Saturday / June 22

Moving Beyond the 3 R’s and Into the Future of Education 

Despite almost all facets of our lives being redefined by the advances of the 21st Century, our education system is still firmly anchored to an era of steam engines and morse code. Instead of being equipped to function in an unpredictable job market that experts concur will be shaped by automation, students are still largely being taught the 3 R’s—reading, writing, and arithmetic. They are taught this by teachers trapped on their own treadmill. Burdened with expectations to comply with overly prescriptive and crammed curriculum, timetables, and testing regimes, teachers are reduced to functioning more as administrators relying on practices designed for an analogue world that will soon no longer exist. 

If we are to address this problem with the urgency it deserves, one of the most effective ways to create immediate change would be to train teachers for the digitally disrupted world. Since students will have to perform the functions machines aren’t able to do better, there needs to be an emphasis on critical thinking over memorisation. The ability to analyse situations and create solutions will be more valuable than recitation of correct answers. That means we need to empower teachers to focus on hownot what, students should be learning. 

The 3 E’s: Experience, Emotion, and Evidence  

The best way to approach this shift is moving away from the 3 R’s to what we think of as the 3 E’s: Experience, Emotion, and Evidence. This involves solving real problems that matter in a feedback-rich environment. Students then build their cognitive skills to become innovators who can identify and create answers to problems that are currently unknown. By embracing the upside of uncertainty, we’ll be keeping pace with the changes we’re seeing in critical industry sectors.  

Based on our research in Australia, only 8-15% of Australia’s 280,000 teachers currently teach the way we now need them to. The other 85% are still working under 20th Century assumptions, underpinned by the teacher lecturing students as the arbiter of all knowledge, and in turn grading them on their ability to repeat what was lectured 

Unfortunately, even among the few who are equipped with cutting edge teaching techniques, few of Australia’s 9,500 schools enable these new practices. Without acceptance, without social validation that these new methods are embraced, they will never be implemented by those who can teach them – and teachers will have little incentive to do anything more than they do now.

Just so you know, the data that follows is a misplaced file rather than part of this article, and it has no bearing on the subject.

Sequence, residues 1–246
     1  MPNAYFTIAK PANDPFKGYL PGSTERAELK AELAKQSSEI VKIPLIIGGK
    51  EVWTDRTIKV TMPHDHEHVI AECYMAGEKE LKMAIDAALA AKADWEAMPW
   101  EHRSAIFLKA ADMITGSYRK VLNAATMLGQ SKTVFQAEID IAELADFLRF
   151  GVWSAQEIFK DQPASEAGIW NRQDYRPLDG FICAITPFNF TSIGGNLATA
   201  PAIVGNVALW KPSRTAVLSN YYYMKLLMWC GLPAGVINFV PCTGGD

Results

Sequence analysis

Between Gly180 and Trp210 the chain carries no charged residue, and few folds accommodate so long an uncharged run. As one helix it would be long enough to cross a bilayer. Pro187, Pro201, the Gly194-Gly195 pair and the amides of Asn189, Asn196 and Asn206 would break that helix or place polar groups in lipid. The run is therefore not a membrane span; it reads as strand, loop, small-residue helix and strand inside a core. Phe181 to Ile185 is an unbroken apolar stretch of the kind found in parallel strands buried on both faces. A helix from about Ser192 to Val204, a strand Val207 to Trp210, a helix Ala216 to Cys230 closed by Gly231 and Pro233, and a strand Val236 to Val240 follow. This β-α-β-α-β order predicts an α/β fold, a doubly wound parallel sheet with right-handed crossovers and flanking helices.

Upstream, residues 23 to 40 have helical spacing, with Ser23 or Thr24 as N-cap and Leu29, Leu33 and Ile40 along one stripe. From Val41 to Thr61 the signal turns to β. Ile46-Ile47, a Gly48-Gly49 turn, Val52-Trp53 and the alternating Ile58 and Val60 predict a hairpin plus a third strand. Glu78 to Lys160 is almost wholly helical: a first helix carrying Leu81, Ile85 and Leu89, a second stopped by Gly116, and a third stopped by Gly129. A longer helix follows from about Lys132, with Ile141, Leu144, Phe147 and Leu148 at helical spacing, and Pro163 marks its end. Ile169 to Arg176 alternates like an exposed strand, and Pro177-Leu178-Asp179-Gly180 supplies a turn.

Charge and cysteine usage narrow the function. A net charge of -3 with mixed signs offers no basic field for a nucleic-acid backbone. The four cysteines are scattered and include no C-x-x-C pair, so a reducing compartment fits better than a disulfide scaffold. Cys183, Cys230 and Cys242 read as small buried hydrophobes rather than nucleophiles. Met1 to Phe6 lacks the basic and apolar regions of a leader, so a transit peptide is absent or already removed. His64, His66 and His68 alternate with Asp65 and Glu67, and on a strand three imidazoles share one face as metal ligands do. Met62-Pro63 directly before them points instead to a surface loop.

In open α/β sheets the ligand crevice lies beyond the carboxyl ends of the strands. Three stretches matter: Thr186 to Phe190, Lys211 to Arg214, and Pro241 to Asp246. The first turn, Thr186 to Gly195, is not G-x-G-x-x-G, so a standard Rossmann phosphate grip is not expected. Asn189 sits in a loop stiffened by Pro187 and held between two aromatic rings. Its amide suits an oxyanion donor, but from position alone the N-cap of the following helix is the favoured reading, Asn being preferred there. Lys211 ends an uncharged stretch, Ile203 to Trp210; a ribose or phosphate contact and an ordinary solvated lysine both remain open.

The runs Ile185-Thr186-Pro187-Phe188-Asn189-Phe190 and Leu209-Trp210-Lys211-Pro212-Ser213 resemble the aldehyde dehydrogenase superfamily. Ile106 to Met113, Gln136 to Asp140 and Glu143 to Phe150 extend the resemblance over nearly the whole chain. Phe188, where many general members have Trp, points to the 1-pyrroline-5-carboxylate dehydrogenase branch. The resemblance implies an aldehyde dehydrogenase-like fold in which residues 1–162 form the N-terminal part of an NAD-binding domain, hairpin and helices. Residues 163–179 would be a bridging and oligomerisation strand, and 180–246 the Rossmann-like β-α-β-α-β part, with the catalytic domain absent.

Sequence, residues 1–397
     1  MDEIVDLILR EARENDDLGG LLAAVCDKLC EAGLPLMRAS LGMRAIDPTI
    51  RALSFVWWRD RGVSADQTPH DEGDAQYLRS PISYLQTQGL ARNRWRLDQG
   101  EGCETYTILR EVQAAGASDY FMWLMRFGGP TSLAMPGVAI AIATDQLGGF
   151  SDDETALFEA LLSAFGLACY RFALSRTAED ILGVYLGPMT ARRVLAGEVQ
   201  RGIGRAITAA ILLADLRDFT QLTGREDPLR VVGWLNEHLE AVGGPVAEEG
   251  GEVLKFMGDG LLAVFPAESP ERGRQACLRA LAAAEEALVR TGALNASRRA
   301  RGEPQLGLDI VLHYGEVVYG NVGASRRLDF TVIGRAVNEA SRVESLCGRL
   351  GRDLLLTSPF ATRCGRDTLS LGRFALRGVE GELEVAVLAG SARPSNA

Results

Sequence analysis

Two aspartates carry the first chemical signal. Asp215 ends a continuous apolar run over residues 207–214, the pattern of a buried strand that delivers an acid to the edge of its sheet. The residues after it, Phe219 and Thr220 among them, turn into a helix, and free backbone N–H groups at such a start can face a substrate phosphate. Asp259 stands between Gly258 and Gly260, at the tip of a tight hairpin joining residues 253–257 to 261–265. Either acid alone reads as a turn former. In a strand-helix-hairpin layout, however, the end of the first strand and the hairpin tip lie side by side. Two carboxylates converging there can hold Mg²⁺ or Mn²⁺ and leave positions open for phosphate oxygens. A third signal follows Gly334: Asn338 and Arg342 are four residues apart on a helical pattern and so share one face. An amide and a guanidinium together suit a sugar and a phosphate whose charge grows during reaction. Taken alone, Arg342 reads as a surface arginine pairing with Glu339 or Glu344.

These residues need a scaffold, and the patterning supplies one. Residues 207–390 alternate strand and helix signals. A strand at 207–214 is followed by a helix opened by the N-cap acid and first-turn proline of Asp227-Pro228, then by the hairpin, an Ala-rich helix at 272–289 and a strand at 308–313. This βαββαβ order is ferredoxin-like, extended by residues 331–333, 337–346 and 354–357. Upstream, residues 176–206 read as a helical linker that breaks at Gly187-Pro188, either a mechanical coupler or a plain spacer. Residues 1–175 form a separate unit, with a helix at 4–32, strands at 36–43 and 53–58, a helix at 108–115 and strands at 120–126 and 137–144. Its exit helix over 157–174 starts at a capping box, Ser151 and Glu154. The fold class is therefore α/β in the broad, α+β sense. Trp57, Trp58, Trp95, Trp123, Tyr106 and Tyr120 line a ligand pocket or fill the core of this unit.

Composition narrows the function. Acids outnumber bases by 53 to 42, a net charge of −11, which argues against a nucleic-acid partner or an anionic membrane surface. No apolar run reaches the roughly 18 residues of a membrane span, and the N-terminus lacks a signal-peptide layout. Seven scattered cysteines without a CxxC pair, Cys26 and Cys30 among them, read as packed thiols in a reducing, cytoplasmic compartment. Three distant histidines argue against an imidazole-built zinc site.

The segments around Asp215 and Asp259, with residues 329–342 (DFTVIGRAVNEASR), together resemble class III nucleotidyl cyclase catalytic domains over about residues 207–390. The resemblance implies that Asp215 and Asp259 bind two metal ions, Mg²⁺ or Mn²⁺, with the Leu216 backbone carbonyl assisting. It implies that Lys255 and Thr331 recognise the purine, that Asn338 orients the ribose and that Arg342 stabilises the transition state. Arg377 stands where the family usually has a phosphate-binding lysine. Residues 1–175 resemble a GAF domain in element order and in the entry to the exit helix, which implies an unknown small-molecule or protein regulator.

In this new role, teachers become facilitators, empowering children to take control. By challenging students with real-world problems, those that require lateral thinking and collaboration to find innovative solutions, students feel a sense of responsibility, of ownership over their education. As teachers guide the process, with intervention limited to continuous feedback or guiding ‘nudges,’ students become immersed and true learning takes over.   

Importantly, this model works best when the problems aren’t from a textbook. When the problems are real, students realise that what they’re doing matters. Bringing education into the 21st Century is therefore not solely the problem of the education sector, but a concern that requires the support of all industries and communities.  

The classrooms of today need to move to boardrooms, laboratories, data centres, and the outdoors, where students learn how to solve problems in an environment more dynamic and fluid than a textbook will ever be.  

It’s not a far-fetched idea; it’s imperative if our schools are going to be able to properly educate our children for a rapidly changing world. Students, led by their teacher-facilitators, would not only learn how to problem solve, they would learn to work in a team, to communicate, to be leaders. They would learn the soft skills that are increasingly necessary in the modern world.  

Critics might question whether this kind of system takes responsibility away from the teacher. It doesn’t. Rather, it changes what this responsibility is. Considering how the world we live in is changing, we do not know what challenges our children will need to face tomorrow. In the face of the unknown, we need a new kind of teacher, with the confidence and experience to teach our children not what to think, but how to think.  

Written by

Robert Kay, Honorary Professor at Macquarie University, has consistently bridged the gap between academia and industry. He was formerly the Head of Strategic Innovation at Westpac Banking Corporation; a Senior Lecturer in Information System and Organisational Development at the University of Technology Sydney and a research analyst at Bovis Lend Lease. He holds a first-class Honours degree in experiential curriculum design and a PhD on biological systems approaches to organizational learning and resilience.

Latest comment

  • What you say is so accurate, some teachers are making great changes in their classrooms that actively engage students in relevant 21 century skills. However, until the powers that dictate the curriculum content recognise the need for change including their current methods of assessment the student population will continue to be the losers.

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